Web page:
From 2016 around 50 driverless robot taxis will be introduced to the streets of Japan.

The vehicles will be driving around Kanagawa prefecture, south of Tokyo, and are part of a pilot scheme for a broader service which is scheduled for nationwide launch in 2020, writes Steve Mollman for Quartz.

Driverless Robot Taxis Come To Japan

Pilot scheme for self-driving taxis coming to Japan

Robot Taxi, the company behind the initiative, is a joint venture between mobile-internet firm DeNA and vehicle-technology developer ZMP. In May the pair announced that they would start introducing self-driving taxis and buses to the streets of Japan.

In order to navigate the roads, Robot Taxi uses GPS, millimeter-wave radar, stereo vision cameras and image analysis. Taxis will travel distances of around 3 kilometers during the trial, with part of the journey along major roads, and company staff will be in the cars so they can take over if needed.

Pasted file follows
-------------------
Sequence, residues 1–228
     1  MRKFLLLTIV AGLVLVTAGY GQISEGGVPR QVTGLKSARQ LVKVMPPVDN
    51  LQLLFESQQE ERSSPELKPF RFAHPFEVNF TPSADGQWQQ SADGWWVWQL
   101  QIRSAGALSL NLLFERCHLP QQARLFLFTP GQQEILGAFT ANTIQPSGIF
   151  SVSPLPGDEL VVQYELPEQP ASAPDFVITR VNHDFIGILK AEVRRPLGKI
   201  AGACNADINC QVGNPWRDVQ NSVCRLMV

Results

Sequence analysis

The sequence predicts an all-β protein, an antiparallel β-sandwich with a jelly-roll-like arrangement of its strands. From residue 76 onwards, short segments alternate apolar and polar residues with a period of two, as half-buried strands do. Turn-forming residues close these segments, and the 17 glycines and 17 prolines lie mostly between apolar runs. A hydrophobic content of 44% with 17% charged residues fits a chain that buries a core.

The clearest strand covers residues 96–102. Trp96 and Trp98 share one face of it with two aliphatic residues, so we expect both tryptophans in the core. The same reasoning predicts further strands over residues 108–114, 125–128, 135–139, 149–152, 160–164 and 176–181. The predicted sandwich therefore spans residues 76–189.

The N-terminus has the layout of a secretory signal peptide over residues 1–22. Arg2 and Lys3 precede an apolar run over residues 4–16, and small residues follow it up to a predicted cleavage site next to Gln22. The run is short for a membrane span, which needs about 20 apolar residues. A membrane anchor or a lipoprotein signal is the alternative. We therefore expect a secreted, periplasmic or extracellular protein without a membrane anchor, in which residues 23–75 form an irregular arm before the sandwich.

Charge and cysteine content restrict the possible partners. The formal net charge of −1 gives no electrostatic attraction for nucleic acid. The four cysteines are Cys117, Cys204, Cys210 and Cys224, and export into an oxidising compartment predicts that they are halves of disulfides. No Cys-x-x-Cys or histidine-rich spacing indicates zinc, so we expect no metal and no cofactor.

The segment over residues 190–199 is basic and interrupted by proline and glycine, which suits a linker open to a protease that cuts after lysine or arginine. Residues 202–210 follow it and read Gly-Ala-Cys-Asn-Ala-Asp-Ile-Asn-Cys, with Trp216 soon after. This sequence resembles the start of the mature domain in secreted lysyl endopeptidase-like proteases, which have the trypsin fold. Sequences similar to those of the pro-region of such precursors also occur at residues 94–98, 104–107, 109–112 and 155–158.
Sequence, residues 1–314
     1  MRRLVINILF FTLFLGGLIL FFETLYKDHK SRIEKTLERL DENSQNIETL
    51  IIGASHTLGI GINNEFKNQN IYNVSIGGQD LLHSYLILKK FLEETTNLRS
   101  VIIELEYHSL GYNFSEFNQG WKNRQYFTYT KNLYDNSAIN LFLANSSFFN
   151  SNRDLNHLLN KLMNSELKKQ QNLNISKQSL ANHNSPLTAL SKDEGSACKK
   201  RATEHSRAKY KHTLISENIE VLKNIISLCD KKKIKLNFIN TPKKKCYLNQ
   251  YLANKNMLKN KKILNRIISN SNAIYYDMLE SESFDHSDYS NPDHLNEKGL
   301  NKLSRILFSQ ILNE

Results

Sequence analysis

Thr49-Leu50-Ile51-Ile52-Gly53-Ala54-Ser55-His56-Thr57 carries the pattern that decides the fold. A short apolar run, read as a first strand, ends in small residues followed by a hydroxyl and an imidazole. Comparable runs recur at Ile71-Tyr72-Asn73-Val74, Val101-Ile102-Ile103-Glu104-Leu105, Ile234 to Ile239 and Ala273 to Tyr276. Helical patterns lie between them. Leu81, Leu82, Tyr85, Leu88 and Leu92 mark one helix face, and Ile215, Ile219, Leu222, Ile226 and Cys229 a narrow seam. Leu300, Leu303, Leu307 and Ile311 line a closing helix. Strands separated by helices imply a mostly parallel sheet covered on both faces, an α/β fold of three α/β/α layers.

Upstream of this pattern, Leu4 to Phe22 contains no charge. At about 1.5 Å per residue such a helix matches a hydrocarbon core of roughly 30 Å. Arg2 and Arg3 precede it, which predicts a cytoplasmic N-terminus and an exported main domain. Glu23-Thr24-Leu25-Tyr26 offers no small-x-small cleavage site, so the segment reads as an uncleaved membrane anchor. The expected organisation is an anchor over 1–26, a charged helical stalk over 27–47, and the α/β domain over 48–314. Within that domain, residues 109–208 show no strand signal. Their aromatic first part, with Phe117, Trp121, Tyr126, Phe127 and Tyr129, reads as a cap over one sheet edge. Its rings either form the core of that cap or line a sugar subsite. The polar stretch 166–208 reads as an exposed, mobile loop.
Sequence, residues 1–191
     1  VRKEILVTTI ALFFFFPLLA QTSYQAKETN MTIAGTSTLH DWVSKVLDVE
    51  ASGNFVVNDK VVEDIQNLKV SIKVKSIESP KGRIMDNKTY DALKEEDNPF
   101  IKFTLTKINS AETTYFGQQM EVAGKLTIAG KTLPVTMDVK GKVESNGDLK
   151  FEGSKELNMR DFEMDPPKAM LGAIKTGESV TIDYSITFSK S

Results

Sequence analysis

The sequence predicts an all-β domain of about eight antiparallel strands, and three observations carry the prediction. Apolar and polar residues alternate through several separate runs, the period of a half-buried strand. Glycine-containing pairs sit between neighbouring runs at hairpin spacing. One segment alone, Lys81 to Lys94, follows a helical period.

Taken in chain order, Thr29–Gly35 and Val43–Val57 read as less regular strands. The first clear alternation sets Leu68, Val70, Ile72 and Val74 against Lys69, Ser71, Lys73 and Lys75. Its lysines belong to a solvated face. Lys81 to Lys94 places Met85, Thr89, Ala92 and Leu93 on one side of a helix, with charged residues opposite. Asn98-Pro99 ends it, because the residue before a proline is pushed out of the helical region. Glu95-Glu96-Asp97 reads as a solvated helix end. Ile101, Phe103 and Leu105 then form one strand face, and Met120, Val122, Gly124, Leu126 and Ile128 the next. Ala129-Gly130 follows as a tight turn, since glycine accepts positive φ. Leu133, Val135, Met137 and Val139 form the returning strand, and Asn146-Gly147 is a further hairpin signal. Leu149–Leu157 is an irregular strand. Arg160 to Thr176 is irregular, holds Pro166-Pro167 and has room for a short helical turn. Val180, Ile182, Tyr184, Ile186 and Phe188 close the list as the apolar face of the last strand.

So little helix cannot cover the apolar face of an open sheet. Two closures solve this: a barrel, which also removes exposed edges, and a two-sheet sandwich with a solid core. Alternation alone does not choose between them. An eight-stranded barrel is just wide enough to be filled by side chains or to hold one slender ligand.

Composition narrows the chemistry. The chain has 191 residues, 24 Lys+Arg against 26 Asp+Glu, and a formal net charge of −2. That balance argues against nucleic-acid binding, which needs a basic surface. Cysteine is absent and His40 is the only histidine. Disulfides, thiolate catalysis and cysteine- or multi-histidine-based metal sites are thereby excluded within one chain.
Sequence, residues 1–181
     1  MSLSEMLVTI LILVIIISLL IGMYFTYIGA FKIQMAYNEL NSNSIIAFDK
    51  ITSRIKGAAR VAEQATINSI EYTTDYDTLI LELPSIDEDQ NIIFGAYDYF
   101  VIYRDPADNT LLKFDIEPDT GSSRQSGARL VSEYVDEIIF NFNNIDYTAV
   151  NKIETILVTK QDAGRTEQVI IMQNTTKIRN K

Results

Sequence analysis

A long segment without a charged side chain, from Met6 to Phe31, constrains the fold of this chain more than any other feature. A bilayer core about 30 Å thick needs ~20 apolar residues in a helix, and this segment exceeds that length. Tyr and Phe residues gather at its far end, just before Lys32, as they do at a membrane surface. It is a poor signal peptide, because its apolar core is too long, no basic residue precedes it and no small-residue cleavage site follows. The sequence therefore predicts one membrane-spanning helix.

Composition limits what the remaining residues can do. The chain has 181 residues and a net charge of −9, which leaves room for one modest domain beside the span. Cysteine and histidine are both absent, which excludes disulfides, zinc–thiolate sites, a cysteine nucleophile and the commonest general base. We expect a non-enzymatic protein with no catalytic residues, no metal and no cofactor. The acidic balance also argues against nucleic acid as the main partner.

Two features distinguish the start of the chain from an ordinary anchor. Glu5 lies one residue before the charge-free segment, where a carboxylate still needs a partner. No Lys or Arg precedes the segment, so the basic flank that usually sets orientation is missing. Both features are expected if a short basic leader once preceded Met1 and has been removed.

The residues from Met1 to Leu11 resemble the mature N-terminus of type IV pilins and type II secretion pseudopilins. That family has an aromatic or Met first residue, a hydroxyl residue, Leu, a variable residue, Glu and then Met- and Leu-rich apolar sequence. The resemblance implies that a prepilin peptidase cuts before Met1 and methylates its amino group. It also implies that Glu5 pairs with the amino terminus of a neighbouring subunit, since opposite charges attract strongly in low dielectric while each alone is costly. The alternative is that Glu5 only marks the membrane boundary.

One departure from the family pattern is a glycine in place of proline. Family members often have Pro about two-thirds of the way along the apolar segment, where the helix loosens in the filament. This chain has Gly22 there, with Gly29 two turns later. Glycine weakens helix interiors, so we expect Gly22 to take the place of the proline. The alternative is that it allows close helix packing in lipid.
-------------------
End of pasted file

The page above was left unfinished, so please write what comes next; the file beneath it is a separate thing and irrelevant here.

Robot Taxi announced details of the trial on October 1 in the prefecture capital, Yokohama. Among the attendees was Shinjiro Koizumi, son of former prime minister Junichiro Koizumi and a vice minister in the current government.

“There are a lot of people who say it’s impossible,” he said, referring to driverless cars, “but I think this will happen faster than people expect.”

Japan playing catch-up in self-driving technology

While many U.S. and European companies have been working on self-driving cars for years, Japan has been remarkably slow to develop the technology. Some critics believe that Japan is in danger of losing out to foreign companies such as Audi, Mercedes-Benz, Ford and Tesla in the race to build a safe, reliable, self-driving car.

Even non-automakers are excited by the technology, with Google and Uber working on their own driverless technology. Rumors continue to swirl that Apple will soon release a self-driving car as well.

Another Japanese company with an interest in the technology is Toyota, which is investing $50 million in autonomous-vehicle research with Stanford and MIT. Yesterday company executives announced a new safety device that will enable vehicles and roadway infrastructure to communicate with each other, enabling partially autonomous driving.

It seems to be a matter of time until self-driving cars become a reality on city streets, and Japan has some catching up to do to stay ahead of the curve.